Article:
Traders and investors say the ongoing slowdown in US stock prices, driven by pessimism about the economic outlook, is increasing the risk of a recession, which comes earlier than some professional forecasters expected.
Falling equity prices have already contributed to the disappearance of $5 to $8 trillion in household assets this year, and are now being done with a weak corporate outlook. Analysts called one company, Snapchat parent Snap Inc. Revenue and earnings from Snap, cited warnings.
As the main reasons behind Tuesday’s path in technology stocks, the S&P 500 index’s slide near bear-market territory, and a flight to safety in government bonds.
Professional forecasters speak of US recession risks in terms of one to two-year horizons. Economists surveyed The Wall Street Journal put the likelihood of a recession in April at an average of 28% compared to the following year. Meanwhile, a survey of 53 forecasters in May National Association for Business Economics shows that inflation-adjusted US growth is expected to slow to an average of 1.8% year-over-year in the fourth quarter. More than half of the respondents assigned a greater than 25% chance of a recession occurring within the next 12 months.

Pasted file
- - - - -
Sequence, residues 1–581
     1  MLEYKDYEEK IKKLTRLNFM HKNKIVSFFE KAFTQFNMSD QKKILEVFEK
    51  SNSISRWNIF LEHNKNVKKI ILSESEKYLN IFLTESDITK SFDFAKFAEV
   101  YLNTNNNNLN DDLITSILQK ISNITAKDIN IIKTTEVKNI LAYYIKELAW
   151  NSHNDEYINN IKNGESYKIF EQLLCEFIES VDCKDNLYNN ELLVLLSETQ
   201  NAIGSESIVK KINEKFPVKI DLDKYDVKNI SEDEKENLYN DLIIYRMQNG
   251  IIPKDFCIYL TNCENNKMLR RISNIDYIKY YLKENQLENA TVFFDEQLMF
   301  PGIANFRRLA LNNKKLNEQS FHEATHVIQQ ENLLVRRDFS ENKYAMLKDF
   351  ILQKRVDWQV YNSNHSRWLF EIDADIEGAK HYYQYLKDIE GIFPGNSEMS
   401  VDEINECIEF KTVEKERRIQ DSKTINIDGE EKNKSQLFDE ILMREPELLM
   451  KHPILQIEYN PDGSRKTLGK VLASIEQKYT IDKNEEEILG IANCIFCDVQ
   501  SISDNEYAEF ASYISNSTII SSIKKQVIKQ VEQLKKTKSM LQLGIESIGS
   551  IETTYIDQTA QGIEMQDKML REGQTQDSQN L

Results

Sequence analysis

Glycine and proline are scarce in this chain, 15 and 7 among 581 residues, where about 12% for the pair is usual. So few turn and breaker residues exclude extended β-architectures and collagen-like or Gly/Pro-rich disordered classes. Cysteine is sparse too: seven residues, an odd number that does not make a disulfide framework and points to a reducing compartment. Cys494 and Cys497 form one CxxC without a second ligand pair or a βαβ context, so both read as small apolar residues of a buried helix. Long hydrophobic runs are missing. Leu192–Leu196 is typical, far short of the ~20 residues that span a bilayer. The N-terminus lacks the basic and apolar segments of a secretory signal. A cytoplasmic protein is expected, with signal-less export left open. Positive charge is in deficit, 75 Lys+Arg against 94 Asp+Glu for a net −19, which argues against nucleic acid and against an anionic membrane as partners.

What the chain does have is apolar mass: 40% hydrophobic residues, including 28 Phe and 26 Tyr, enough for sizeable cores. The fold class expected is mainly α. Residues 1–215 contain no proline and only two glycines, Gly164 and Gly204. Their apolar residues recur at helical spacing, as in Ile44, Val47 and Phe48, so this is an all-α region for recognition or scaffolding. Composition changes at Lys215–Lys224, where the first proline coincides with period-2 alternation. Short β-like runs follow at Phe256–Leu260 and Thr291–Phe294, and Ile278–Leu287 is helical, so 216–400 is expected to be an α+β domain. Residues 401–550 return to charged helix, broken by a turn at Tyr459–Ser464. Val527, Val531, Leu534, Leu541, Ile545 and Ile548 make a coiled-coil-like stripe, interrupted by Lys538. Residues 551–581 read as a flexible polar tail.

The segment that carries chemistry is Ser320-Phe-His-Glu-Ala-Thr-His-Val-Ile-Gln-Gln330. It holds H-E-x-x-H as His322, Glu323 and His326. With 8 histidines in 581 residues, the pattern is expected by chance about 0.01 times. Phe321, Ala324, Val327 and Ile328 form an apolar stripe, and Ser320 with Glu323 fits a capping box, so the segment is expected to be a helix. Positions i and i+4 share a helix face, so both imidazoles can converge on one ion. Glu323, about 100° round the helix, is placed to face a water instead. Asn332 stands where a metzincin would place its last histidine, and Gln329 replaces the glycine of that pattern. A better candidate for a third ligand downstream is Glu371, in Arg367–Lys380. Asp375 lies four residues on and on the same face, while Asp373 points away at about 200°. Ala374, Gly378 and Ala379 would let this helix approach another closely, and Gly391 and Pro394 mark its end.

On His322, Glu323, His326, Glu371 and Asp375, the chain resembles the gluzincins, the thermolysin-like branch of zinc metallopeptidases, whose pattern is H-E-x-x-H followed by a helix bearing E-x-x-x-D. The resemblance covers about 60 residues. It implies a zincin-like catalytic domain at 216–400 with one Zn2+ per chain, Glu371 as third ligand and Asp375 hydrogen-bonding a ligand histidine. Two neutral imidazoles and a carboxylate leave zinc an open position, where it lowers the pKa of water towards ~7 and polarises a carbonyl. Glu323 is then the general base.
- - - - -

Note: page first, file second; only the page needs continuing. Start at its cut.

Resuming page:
What may not yet be fully incorporated into the considerations of markets or forecasters is how rapidly deteriorating financial conditions can affect the day-to-day decisions made by companies and spread to the economy. Facebook’s is on the list of companies that have already cut hiring. original meta
Twitter Inc. TWTR,
and Uber Technologies Inc. Uber,
chip maker nvidia nvda,
and Salesforce Inc. crm,
Meanwhile, streaming giant Netflix Inc. nflx,
and PayPal Holdings Inc. PYPL,
Jobs have been cut.
“The impact of financial markets contributed, in many ways, to an overheating economy and rising prices,” said Mark Heppenstall, chief investment officer at Penn Mutual Asset Management. Asset prices would work the opposite way: what the market is telling people could spiral into a evaporated money effect and a psychological effect.